Tuesday, June 2, 2009

Globalization and charter schools

Below is a link to a paper I did a few months ago for a class on current education issues. I wanted to better understand the charter school phenomenon as an expression of globalization as I have understood it. Here is the abstract:

Education has always reflected the mode of production. "Globalization" is a new mode of capitalist production, capitalism in the age of electronics, with distinctive features and demands. Charter schools, as an education reform, reflect important threads within globalization. First, the reform of educational content and delivery is really a change to meet the needs of globalization for new skill sets. Second, charter schools are a form of privatization, which is an important feature of globalization's demand for new sites of valorization and profit. Third, the network form is an emergent property of globalization, which is expressed through attempts to break down the centralized public school system through charter schools. The debate around charter schools takes place within the assumption of the supremacy of the market and the inevitability of globalization, leading to a set of limited or even false choices. For a real debate on education reform, one must move beyond the narrow confines of the terms of globalization.
I need to work a more on the ideas I think. Comments welcome; here is the link to the full piece: Globalization and charter schools.

jd

5 comments:

Todd Alan Price said...

thanks I'll review this reading

Todd Alan Price said...

hey this is great stuff!
I believe the word Globalization has become dogma, it is merely used as rhetoric to open the door to all kinds of other assumptions which in turn mask the growing chasm between haves and have nots/

Anonymous said...

I do agree with the premise that education follows the means of production. I actually wrote a paper on that very thing, in regards to Portland Maine. Here's the link: http://www.helium.com/items/1193552-portland-maine-education-history

The 19th century assumed most students would just learn remedial tasks and never proceed further. High schools was geared to those pursuing advanced degrees in college. When more students started to attend HS machine classes, typing classes, and other practical subjects were added.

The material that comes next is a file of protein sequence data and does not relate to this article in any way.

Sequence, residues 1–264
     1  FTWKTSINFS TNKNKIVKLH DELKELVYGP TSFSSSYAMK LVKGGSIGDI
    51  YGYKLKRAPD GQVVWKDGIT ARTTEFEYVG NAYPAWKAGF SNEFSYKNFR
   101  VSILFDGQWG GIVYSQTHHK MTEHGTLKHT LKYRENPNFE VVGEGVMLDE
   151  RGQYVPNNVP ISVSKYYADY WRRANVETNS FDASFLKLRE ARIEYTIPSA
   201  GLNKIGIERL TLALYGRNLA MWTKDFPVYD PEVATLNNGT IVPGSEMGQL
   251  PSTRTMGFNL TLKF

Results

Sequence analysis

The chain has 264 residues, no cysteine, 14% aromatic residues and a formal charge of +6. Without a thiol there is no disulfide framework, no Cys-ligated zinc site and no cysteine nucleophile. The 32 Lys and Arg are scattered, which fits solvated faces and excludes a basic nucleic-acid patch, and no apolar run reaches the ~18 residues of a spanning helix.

Children were also taught in a manner conducive to the jobs they would most likely perform, factory workers then cubical jockeys later on.

How we prepare students, assess students, everything about schooling has yet to evolve. You can lump whatever new fads or technology on schooling you want, but we still aren't focusing on real understanding, problem solving and analysis.

sarah said...

I suggest being more specific in what kinds of schools are front runners for privatization. Here in Oregon we have public charters that are becoming the mode for communities to create education that makes sense for the kids on a smaller scale.
Another thing is I am not sure why charters are being singled out in terms of perpetuating globalization as most public schools follow the same practices and often curriculum as charters.
It sounds like trusting the slow bureaucracy of district schools to prevent real time following of market trends. I also haven't thought this out completely but am intrigued.

jd said...

I'm not arguing that charter schools are perpetuating globalization (well maybe they are and maybe they aren't, and I absolutely agree that the public school system perpetuates just as much) so much as they represent or manifest certain processes that I associate with globalization -- they are symptoms or expressions of globalization, as I understand it.

I agree that charter schools could have (and in some cases do have) a progressive role to play, but I also think that generally, in practice, they have represented the trend away from community control and towards privatization. (Which is not to say that public schools are paragons of community control either, but at least the possiblity is implicit in the concept of "public education".)

The whole debate around charters has mostly taken place within the context of the Market, and sets up false choices for parents, teachers, and the community at-large. As Todd pointed out above, the substantive questions of what education should be and how to carry it out in the most democratic and socially and humanly productive way is lost in the fog of rhetoric.

Thanks for the comments all.


jd